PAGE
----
Ivars Peterson's MathTrek

October 11, 1999

Mastering Mastermind

Games offer wonderful playing fields for developing mathematical problem-solving skills.

For Mathew Mitchell of the School of Education at the University of San Francisco, the preferred training ground is a classic game called Mastermind. "Students young and old are fascinated by simple yet challenging games," he writes in his new book Mastermind Mathematics. Mastermind involves hypothesis testing and deductive reasoning, he notes. It is also an activity that many people find highly enjoyable.

In Mastermind, a codemaker secretly selects a sequence of four colors, typically represented by colored pegs. The codemaker can use any combination of colors picked from the six different colors that are available, including two or more of the same color.

A player's goal is to determine the codemaker's hidden sequence, making as few guesses as possible. With each guess, the player displays a sequence of four colored pegs, and the codemaker indicates how many of those pegs are the correct color and in the right position and how many more are the correct color but in the wrong position.

Suppose the pegs are red (R), blue (B), yellow (Y), green (G), white (W), and orange (O).

 Codemaker's secret sequence: R W B G Player's first guess: W Y B O

In this example, the codemaker would indicate that the player has one peg of the right color in the right position and one peg of the right color in the wrong position but would give no clue that the blue peg (B) and the white peg (W) are the relevant choices.

With six colors and four positions, a codemaker can select from 64 (or 1,296) possible combinations. One useful beginning strategy for a player is to find the colors first, then determine the correct positions. By focusing initially on color, you have only 126 possible groupings to consider. Once you have the colors, you need look at no more than 24 possible arrangements of that set of colors.

Once in a while, however, you might find that you need to know one or two positions before you can work out all the colors. "This brings up an important point about strategies," Mitchell remarks. "They do not always work."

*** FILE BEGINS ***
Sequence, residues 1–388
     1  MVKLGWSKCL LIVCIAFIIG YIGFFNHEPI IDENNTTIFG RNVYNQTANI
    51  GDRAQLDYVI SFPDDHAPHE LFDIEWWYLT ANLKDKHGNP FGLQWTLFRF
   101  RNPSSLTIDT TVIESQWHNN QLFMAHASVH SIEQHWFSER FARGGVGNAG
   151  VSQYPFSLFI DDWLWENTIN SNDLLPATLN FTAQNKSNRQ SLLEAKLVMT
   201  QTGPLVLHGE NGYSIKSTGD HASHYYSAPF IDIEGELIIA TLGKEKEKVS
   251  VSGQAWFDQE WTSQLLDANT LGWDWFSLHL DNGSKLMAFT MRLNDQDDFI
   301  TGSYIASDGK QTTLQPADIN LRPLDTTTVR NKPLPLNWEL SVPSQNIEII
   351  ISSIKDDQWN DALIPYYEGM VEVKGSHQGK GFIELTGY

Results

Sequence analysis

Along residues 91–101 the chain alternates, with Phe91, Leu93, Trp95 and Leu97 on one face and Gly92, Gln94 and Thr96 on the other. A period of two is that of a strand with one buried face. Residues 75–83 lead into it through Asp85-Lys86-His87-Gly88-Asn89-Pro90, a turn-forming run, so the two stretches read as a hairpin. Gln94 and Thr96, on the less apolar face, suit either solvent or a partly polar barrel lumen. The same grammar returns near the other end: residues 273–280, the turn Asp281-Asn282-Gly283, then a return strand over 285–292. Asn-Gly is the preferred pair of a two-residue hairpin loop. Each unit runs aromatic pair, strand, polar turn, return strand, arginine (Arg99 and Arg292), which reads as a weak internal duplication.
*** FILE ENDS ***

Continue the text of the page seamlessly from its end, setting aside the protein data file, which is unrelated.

Here's one example where position information helps you out.

Game 1

 Guess 1: W R O O Three pegs are the right color and in the right position. Guess 2: W B B B One peg is the right color but is in the wrong position.

Can you deduce the secret sequence?

Foundation strategies such as pursuing subgoals (such as colors first, then positions), making charts, using deductive reasoning, and eliminating possibilities can serve as powerful tools for quickly working out Mastermind codes. Try solving this one.

Game 2

 Guess 1: G B B B One peg is the right color and in the right position. Guess 2: O B W W Nothing is correct. Guess 3: Y R Y R One peg is the right color and in the right position; one more is the right color. Guess 4: Y B Y Y One peg is the right color but in the wrong position. Guess 5: O B O R One peg is the right color and in the right position.

Mitchell also presents a number of strategies applicable specifically to Mastermind. "You can glean a great deal of information from patterns," he asserts. Certain peg positions and color combinations often offer important clues.

Spotting particular game patterns can help you solve codes. Consider the following pair of guesses.

 Guess 1: B O R G Two pegs are the right color. Guess 2: B O R W Three pegs are the right color.

The only difference between the rows is the color in the fourth position. Yet, according to the feedback from the codemaker, a third peg now has the right color. From that change, you can readily deduce that W is the correct color and G is incorrect. In general, Mitchell notes, if two rows differ by only one color and the number of feedback pegs changes from one row to the next, then it must be the one changed color that caused the increase (or decrease) in response.

Try out your pattern-searching strategies on the following game.

Game 3:

 Guess 1: G B R B One peg is the right color but in the wrong position. Guess 2: B G B Y One peg is the right color and in the right position; one more is the right color. Guess 3: R Y B R One peg is the right color but in the wrong position. Guess 4: O W G Y One peg is the right color and in the right position; two more are the right color. Guess 5: O G Y O Three pegs are the right color and in the right position.

There's much more in Mitchell's book, all the way up to formal proofs. Indeed, it's amazing how much mathematical activity you can get out of playing Mastermind over and over again. And if the standard version isn't challenging enough, you can always increase the number of colors and the number of slots.

One more thing. The book's many sample game situations give you something to work on when no one happens to be around to set the secret codes for you.

References:

Mitchell, M. 1999. MASTERMIND ® Mathematics: Logic, Strategies, and Proofs. Berkeley, Calif.: Key Curriculum Press. (See http://www.keypress.com/product_info/mastermind.html.)

You can play Mastermind on the Web at http://www.lizardpoint.com/fun/mastermind/mastmind.html.

MASTERMIND ® is a registered trademark of Pressman Toy Corporation, New York, NY 10010, under an agreement with Invicta Toys and Games Ltd.